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NEW YORK — After driving for several hours on U.S. 90 from El Paso toward Valentine, Tex., and seeing nothing but desert, the eye is lulled into submission by the flat, barren landscape. Imagine, then, seeing an otherworldly glowing green light emanating from a large structure in the distance.
An alien spaceship? No, but something almost as strange: a Prada store.
Rather than a real Prada store (there’s little market for stilettos in this rocky terrain), it’s actually a sculpture by Berlin-based artists Michael Elmgreen and Ingar Dragset, called “Prada Marfa.”
“Prada Marfa,” which was unveiled Saturday, will remain in the desert as a permanent installation, where it will be weathered by the elements. “The maintenance will be limited,” said Dragset. “It will be like a little time capsule. It will probably go in and out of fashion. It will decay. Some of the things we cherish now won’t be the same in the future. Here, nature is taking over slowly.”
“Prada Marfa” was produced by the Art Production Fund here, and Ballroom Marfa, a nonprofit space in Marfa, Tex. Despite its name, the installation is located in Valentine, about 26 miles outside of Marfa, a minimalist art epicenter founded by Donald Judd.
Elmgreen and Dragset are known for raising political and socioeconomic issues in their work, which also explores alienation, exclusion and sexuality. “There is a trompe l’oeil effect in their work,” said Eric Sklar, director of the Tanya Bonakdar Gallery in Chelsea. “Often there’s something that’s dysfunctional. How the public interacts with them is a very interesting aspect of the work. The audience is always a very active participant.”
Elmgreen and Dragset have collaborated on a variety of installations and performance pieces since 1995, including a show at the 2003 Venice Biennale that starred a chimp trying to spell “Utopia” with large dice, and an installation at the Tate Modern featuring an animatronic sparrow in the throes of death.
The idea for “Prada Marfa” grew out of an earlier installation. It began in 2001, when Elmgreen and Dragset noticed that art galleries were being priced out of SoHo by designer stores. They built an installation at the Tanya Bonakdar Gallery sealing off the storefront and erecting a black-and-white sign on the facade reading, “Coming Soon, Prada.”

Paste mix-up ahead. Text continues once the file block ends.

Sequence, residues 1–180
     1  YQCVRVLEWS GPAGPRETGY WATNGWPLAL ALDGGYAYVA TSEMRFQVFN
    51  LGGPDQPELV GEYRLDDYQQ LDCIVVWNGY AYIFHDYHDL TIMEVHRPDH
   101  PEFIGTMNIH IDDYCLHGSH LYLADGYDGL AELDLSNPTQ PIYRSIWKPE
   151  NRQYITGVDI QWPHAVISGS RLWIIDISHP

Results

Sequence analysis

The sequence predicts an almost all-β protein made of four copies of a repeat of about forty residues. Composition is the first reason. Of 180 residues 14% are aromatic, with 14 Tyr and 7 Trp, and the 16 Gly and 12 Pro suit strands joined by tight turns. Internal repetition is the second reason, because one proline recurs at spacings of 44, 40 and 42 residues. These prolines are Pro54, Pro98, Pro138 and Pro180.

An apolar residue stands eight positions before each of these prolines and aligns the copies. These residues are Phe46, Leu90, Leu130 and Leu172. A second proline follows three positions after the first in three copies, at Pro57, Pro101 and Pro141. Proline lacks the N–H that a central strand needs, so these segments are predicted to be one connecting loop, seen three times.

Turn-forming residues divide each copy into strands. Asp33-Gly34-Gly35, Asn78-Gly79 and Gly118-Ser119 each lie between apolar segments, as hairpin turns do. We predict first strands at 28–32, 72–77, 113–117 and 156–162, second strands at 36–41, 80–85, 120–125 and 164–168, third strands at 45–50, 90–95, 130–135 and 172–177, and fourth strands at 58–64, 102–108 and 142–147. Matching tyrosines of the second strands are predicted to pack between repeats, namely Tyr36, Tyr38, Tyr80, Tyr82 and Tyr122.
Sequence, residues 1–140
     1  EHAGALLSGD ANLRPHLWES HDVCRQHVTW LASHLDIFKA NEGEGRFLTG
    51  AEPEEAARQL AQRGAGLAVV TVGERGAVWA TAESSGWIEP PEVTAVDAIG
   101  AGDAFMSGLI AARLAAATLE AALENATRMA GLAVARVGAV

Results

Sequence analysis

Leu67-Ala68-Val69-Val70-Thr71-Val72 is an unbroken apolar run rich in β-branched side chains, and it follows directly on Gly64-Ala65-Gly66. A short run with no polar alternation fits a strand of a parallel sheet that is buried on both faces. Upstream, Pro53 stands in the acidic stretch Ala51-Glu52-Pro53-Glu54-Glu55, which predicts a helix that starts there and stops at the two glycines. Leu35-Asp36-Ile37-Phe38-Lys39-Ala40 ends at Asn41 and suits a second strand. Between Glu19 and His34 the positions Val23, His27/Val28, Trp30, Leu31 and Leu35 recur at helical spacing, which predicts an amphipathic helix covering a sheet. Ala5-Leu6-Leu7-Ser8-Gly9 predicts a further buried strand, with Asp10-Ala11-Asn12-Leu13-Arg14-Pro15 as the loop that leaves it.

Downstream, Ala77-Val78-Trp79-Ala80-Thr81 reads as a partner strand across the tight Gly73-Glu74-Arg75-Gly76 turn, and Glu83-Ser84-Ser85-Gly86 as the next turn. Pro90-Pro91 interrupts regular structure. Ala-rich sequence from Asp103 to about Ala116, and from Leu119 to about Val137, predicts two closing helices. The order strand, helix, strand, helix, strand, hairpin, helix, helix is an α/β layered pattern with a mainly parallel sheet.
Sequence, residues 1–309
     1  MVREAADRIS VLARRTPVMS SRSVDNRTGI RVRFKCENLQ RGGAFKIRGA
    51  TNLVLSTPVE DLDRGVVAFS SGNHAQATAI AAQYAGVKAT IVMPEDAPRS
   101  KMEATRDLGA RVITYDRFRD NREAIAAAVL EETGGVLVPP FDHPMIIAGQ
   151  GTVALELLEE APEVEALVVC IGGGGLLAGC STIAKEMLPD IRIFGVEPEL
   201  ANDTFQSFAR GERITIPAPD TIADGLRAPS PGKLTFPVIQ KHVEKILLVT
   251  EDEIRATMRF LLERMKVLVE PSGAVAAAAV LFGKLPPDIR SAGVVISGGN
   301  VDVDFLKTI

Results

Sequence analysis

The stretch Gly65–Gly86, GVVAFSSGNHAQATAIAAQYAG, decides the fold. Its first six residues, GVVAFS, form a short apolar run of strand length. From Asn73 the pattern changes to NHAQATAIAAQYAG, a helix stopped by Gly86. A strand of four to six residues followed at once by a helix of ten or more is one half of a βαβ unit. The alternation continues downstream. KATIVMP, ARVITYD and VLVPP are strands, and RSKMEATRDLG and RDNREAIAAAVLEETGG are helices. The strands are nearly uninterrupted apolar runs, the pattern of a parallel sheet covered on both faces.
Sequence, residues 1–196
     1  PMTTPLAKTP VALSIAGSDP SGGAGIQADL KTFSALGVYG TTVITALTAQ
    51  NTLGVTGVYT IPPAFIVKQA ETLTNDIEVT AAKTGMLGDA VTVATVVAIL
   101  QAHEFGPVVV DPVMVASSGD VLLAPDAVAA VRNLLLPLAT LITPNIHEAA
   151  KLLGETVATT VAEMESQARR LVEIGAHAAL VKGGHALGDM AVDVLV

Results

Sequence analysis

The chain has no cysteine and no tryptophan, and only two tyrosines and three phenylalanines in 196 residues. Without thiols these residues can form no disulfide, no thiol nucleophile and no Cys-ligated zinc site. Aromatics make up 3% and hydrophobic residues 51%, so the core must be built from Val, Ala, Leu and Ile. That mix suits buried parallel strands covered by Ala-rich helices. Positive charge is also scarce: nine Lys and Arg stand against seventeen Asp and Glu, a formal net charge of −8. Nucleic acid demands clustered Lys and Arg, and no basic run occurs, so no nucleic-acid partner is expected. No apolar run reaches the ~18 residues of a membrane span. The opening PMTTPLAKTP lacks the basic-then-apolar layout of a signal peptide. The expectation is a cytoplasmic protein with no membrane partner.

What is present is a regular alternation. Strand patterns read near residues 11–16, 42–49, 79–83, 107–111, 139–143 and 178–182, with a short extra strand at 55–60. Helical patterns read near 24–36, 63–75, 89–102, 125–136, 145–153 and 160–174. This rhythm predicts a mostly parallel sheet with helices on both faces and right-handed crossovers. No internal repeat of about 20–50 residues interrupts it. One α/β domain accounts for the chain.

This story first appeared in the October 3, 2005 issue of WWD. Subscribe Today.
“At the time, Comme des Garçons was already in Chelsea. We were pointing toward something that eventually would happen,” Dragset said, referring to the mass migration of the art world to Chelsea. “Art and the fashion business go hand-in-hand with the gentrification process. The artists often come first and then the designers.”
But of all the luxury brands, why choose Prada? Dragset cited “a moment when every gallerist and important person had to wear Prada. It became a uniform. We were also fascinated by the fact that Prada has some involvement with art through its foundation in Milan.”
The artists even contacted Germano Celant, director of Fondazione Prada, who showed their proposal to Miuccia Prada. “She was very positive from the beginning,” Dragset said. “They’ve been very kind. They gave us color codes and Miuccia selected 20 pairs of shoes herself from the 2005 autumn collection.” The footwear, along with a few handbags, are the only products actually in the fake store.
Yvonne Force Villareal, founder of the Art Production Fund, said, “It’s wonderful that Miuccia Prada could rise above any critical stance this piece can take. It’s not an antifashion piece. It deals with elements of minimalism. It’s using fashion to also talk about art and how culture can be bought in many ways.”
She said Prada comes off well in the piece and gets its name splashed on a piece of art. “They look pretty good because they allowed the artists to use the logo,” Force Villareal said. “It’s very smart of them. They see beyond just the fashion industry. Prada is a company that understands art at a very high level.”